The forward arming and refueling point (FARP) is vital to the success of the aviation combat mission. Attack, air assault, and support aviation units all depend on the FARP to provide fuel and ammunition where and when they are needed. A FARP is a temporary facility—organized, equipped, and deployed by an aviation commander, and normally located in the main battle area closer to the area where operations are being conducted than the aviation unit’s combat service area—to provide fuel and ammunition necessary for the employment of aviation maneuver units in combat. The forward arming and refueling point permits combat aircraft to rapidly refuel and rearm simultaneously.
No aircraft defines the role of close air support better than the Marine AH-1Z Viper. Based on the Vietnam War-era AH-1 Cobra, the AH-1Z Viper is the Marine Corps’ primary rotor-wing ground attack aircraft. The AH-1Z attack helicopter provides rotary wing close air support, anti-armor, armed escort, armed/visual reconnaissance and fire support coordination capabilities under day/night and adverse weather conditions.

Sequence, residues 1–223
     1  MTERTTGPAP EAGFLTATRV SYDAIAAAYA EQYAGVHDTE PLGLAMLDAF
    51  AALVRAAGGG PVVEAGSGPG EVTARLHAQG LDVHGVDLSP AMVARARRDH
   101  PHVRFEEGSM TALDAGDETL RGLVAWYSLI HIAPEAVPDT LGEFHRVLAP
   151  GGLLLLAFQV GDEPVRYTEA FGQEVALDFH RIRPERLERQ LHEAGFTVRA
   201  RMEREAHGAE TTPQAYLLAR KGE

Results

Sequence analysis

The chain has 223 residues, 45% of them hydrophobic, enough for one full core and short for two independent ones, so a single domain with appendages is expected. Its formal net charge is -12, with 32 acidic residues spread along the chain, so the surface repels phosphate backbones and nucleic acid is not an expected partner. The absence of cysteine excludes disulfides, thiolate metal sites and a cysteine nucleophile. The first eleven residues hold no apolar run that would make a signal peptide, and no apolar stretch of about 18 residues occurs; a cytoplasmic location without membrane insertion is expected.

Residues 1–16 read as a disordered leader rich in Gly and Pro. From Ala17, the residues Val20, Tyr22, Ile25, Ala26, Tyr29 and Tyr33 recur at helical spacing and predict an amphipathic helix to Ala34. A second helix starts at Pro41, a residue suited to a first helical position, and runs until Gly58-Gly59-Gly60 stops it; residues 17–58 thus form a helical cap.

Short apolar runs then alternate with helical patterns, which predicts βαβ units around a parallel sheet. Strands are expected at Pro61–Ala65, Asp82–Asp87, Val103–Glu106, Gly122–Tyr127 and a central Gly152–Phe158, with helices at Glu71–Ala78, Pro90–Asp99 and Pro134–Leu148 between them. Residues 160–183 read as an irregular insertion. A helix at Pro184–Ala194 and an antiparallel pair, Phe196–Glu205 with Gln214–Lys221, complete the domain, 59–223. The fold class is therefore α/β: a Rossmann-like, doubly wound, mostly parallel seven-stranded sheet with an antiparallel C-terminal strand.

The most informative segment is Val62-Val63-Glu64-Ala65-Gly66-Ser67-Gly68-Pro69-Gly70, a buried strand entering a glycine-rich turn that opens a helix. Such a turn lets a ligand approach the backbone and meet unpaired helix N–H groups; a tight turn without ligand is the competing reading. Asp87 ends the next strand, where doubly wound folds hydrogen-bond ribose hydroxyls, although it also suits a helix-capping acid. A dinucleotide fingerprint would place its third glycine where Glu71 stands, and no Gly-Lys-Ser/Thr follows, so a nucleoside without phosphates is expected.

This video shows U.S. Marines with the Marine Wing Support Squadron (MWSS) refuel AH-1Z Viper helicopters in a forward arming refueling point (FARP) exercise during Weapons and Tactics Instructor (WTI) course 2-17 at Yuma, AZ on April 3, 2017. The FARP exercise is aimed at refueling and rearming aircraft quickly so the attack helicopters can get back in the fight ASAP.
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